Dec 18, 2018

EMERGO BY UL SUMMARY OF KEY POINTS:

  • Health Canada has proposed more formalized cybersecurity requirements for Medical Device License applicants.
  • The Health Canada requirements align with cybersecurity approaches adopted by medical device regulators in the US and other jurisdictions.
  • Health Canada recommends adoption of testing standards such as UL 2900 to support device cybersecurity claims.

New guidance from Health Canada would establish cybersecurity requirements and considerations for pre-market reviews of devices in Canada similar to policies developed by US and South Korean regulators.

The draft guidance proposes requirements for cybersecurity-related information Medical Device License (MDL) applicants would have to submit to Health Canada in order to demonstrate security of devices “consisting of or containing software,” and recommends measures such as implementation of UL 2900 cybersecurity testing standards to mitigate against cyber risks and vulnerabilities.

Among high-level cybersecurity recommendations in the new Health Canada guidance are:

  • Incorporating cybersecurity measures into risk management processes for devices with software components;
  • Establishing frameworks for managing cybersecurity risks on an enterprise level;
  • Verification and validation of all cybersecurity risk control processes according to device design requirements and specifications.

According to Ken Pilgrim, Senior RA/QA consultant at Emergo by UL in Vancouver, the new guidance should prove valuable to medical device manufacturers obtaining market access not only in Canada but also other jurisdictions developing similar cybersecurity requirements.

“We are pleased to see Canada participating in medical device cybersecurity standard development, and this draft document consultative process should help Canadian medical device manufacturers meet Health Canada’s cybersecurity requirements as part of the licensing process,” Pilgrim says.

“The new guidance should also assist manufacturers in developing compliance with requirements globally for registration in other jurisdictions such as the US and South Korea.”

Specific cybersecurity strategy recommendations

Health Canada’s guidance lays responsibility for monitoring, assessment and mitigation of cybersecurity risks with manufacturers; broader cybersecurity responsibilities must be shared between medical device companies as well as regulators, end users and network administrators, according to the guidance.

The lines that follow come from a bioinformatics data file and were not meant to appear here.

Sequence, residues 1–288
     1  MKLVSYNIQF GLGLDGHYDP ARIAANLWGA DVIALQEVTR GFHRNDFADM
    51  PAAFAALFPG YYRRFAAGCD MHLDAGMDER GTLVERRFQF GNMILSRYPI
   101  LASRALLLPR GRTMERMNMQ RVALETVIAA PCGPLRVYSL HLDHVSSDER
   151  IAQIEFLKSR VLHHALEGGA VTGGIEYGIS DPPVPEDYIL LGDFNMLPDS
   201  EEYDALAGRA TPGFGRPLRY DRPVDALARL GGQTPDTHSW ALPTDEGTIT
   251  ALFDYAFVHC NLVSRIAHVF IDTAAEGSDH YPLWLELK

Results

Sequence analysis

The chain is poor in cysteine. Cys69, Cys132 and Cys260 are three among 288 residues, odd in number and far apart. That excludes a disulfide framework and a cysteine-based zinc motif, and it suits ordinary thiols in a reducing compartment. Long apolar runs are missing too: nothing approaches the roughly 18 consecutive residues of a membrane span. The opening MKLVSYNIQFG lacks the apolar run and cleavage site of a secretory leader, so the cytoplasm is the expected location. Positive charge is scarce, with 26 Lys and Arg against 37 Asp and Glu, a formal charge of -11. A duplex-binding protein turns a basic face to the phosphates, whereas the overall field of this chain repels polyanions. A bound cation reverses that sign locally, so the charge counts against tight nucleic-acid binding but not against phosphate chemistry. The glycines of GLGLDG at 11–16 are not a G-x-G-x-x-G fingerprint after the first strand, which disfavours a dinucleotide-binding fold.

Health Canada suggests adoption of cybersecurity risk management methodologies based on the US National Institute of Standards and Technology’s (NIST) Framework for Improving Critical Infrastructure Cybersecurity Version 1.0, as well as cyber strategies incorporating secure design, risk management, verification and validation testing, and planning for continued monitoring and response efforts for emerging risks and threats.

Secure design

First, Health Canada recommends manufacturers build in cybersecurity considerations as early as possible in their product lifecycles, including when evaluating and making design decisions and in design decisions that support both cybersecurity and safety-related factors such as usability.

Among cybersecurity design inputs the guidance identifies as worthy of consideration during a manufacturer’s device design phase are secure communication with other connected devices and systems; data security and encryption; access controls to validate proper users of the device; and software maintenance issues.

Device-specific risk management

As part of a comprehensive risk management process for the duration of a device’s lifecycle, manufacturers should apply ISO 14971 risk management principles as well as the following cybersecurity components:

  • Identifying cybersecurity hazards
  • Estimating and evaluating associated cyber risks
  • Controlling risks at acceptable levels
  • Monitoring effectiveness of risk controls